Week 6/The End

Wow, alright so I have been awful at keeping up this blog. I have been home from France for a little while and now I finally have time to sit and reflect on my trip.

First off, I really, really miss France already. Coming home was such a culture shock at first and I was only gone for two months. I can’t imagine how weird it would be to come home after being abroad for a semester or a year. In retrospect, though, I really wish I would have taken a semester to come and study here. Summer just was not enough time and when I had to leave, I felt like I was finally getting used to hearing French on the street, reacting in French, and trying to understand French culture. I’m considering coming back for a year to teach English in Paris as a way to have more contact with locals and get a feel for how French daily life actually is.

I felt that being surrounded by English speaking Americans in my study abroad group hindered my progress in French and prevented me from becoming familiar with French social norms. It was nice to be around people from my own culture, but I didn’t come to France to constantly be reminded of my home culture. Most people in my group did not speak French most of the time, which I think would have been the best kind of practice (aside from speaking with locals). I had very limited contact with native French speakers, aside from my teachers and people who worked in stores, which I felt was a great detriment to my intended immersion into French culture.

I have talked with some of my friends who have spent time abroad, and they all seem to have come home with a new set of foreign friends and a significant improvement in their language skills. I came home with no new friends (aside from the Americans I met in my group), and feeling like my French improved only in listening and written comprehension. My spoken French is still a bit slow and would have benefited from more interaction with locals. If I ever go abroad again (which I really hope I will be able to do someday), I will make more of an effort to step outside of my comfort zone and try to actually spend time with locals, rather than interacting with them for short periods of time.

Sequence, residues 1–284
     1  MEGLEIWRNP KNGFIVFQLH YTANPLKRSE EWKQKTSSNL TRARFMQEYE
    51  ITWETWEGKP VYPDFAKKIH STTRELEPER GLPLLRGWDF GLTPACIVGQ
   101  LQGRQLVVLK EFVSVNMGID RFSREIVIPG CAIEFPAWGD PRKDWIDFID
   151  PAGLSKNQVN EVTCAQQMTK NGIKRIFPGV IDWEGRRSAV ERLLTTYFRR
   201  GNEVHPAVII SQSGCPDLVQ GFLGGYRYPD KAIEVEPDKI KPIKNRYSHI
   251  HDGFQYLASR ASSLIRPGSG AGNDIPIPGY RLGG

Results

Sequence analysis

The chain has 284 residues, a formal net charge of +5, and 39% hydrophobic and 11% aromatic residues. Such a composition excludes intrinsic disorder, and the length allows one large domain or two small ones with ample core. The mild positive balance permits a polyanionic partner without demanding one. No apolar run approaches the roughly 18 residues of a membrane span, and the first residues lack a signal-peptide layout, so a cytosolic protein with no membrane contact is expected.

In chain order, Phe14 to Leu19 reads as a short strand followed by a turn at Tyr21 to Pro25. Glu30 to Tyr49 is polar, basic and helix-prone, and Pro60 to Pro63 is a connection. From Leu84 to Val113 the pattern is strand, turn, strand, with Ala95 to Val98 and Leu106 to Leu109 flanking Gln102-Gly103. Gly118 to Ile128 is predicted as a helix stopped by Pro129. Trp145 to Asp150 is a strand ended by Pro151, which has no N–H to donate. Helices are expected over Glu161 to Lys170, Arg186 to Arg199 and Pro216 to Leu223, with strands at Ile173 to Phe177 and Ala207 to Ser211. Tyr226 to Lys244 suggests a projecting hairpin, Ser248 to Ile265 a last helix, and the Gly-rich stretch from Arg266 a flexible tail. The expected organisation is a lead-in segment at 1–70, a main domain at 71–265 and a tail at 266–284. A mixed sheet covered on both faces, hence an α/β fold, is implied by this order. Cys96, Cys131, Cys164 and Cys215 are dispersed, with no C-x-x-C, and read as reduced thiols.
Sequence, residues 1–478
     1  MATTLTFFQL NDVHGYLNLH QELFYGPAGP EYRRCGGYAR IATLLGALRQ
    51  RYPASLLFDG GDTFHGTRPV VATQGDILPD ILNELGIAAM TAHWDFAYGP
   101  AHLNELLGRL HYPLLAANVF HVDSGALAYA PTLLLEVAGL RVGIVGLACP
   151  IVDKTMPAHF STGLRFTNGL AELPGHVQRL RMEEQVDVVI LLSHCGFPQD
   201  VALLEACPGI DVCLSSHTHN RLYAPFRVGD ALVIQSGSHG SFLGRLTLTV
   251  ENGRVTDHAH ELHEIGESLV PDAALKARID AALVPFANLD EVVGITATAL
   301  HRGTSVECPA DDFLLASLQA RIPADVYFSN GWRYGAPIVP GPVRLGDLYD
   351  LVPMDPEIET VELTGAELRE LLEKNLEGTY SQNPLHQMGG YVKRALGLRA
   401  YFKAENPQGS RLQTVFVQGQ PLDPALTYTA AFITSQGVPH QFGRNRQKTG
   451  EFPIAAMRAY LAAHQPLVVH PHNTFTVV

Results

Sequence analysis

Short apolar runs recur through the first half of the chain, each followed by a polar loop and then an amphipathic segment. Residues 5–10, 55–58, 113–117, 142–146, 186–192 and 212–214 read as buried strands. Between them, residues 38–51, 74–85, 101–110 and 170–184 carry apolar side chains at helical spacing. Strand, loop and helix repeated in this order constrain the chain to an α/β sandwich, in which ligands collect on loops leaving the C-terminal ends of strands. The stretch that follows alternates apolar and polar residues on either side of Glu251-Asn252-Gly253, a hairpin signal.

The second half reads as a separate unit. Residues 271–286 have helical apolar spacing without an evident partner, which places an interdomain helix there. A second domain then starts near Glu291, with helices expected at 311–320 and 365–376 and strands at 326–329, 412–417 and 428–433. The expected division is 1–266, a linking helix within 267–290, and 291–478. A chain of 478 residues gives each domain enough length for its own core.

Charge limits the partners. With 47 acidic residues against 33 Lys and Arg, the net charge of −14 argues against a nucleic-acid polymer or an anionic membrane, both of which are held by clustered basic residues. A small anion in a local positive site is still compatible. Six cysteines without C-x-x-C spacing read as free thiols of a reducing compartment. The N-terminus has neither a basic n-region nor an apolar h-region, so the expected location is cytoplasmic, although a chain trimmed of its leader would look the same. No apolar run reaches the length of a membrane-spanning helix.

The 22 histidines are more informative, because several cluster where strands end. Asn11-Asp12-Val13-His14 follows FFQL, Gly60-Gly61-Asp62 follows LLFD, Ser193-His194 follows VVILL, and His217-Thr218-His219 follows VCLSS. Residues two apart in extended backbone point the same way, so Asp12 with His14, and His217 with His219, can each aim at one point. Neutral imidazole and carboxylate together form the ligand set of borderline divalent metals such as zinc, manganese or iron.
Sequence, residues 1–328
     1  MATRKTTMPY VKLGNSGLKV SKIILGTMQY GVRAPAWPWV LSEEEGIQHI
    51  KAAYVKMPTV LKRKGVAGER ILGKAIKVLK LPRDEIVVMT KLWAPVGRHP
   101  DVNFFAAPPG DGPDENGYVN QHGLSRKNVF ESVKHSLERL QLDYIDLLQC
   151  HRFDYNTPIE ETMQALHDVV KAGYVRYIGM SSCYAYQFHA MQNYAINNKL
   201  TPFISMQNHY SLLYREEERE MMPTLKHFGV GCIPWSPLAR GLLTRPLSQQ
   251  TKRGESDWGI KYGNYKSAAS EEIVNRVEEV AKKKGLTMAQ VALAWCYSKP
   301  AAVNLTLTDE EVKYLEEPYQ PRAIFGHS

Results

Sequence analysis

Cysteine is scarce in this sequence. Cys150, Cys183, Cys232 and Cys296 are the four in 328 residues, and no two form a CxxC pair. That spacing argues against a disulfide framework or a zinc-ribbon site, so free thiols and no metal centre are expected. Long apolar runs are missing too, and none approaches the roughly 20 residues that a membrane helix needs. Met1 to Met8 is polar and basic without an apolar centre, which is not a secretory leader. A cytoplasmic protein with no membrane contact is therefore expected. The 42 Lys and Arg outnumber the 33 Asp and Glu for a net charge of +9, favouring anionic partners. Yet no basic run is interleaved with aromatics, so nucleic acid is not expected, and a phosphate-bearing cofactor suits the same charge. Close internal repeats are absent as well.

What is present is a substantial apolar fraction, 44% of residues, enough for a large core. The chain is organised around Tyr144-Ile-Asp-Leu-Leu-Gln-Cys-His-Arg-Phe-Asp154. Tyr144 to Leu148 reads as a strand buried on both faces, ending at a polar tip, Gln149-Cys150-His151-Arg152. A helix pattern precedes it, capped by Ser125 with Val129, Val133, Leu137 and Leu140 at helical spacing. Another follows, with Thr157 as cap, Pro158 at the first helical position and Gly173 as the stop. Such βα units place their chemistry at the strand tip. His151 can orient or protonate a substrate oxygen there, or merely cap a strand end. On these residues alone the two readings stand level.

I would also recommend, for anyone who is considering studying abroad, to stay abroad for as long as possible. Like I mentioned before, the whole time I was in Chambery I wished I was staying longer. A summer program is just not long enough for someone who is legitimately interested in learning the ways of a different culture and immersing themselves in a foreign language. I spent some time at the end of my trip with a friend who had spent the last year in France. He had experienced it completely differently than I had, and pointed out cultural differences between my behavior and how people behave in France that I hadn’t noticed. For example, he pointed out that the French are much more communal in their lifestyle and do not practice “every man for himself” as Americans do. He pointed out that Americans are always in a hurry, while the French like to take their time with things (especially with meals), which in my opinion, makes for a better experience. From his observations (and my own), French people are much more laid back and less plan/detail oriented than Americans. Being very plan/detail oriented myself, life in a more relaxed culture helped me immensely in relaxing my grip on life a bit and with learning to go with the flow of things without needing to control everything. I feel like a much happier, relaxed person after my time in France. I am able to see the world through more than just my own perspective and use my experiences abroad to continually improve my life.  Living abroad has inspired me to travel and experience the beauty in difference. I am planning more trips around my home state, the United States, and eventually out of the country. I am extremely thankful I was able to spend time in France, and I am going to try my hardest to return.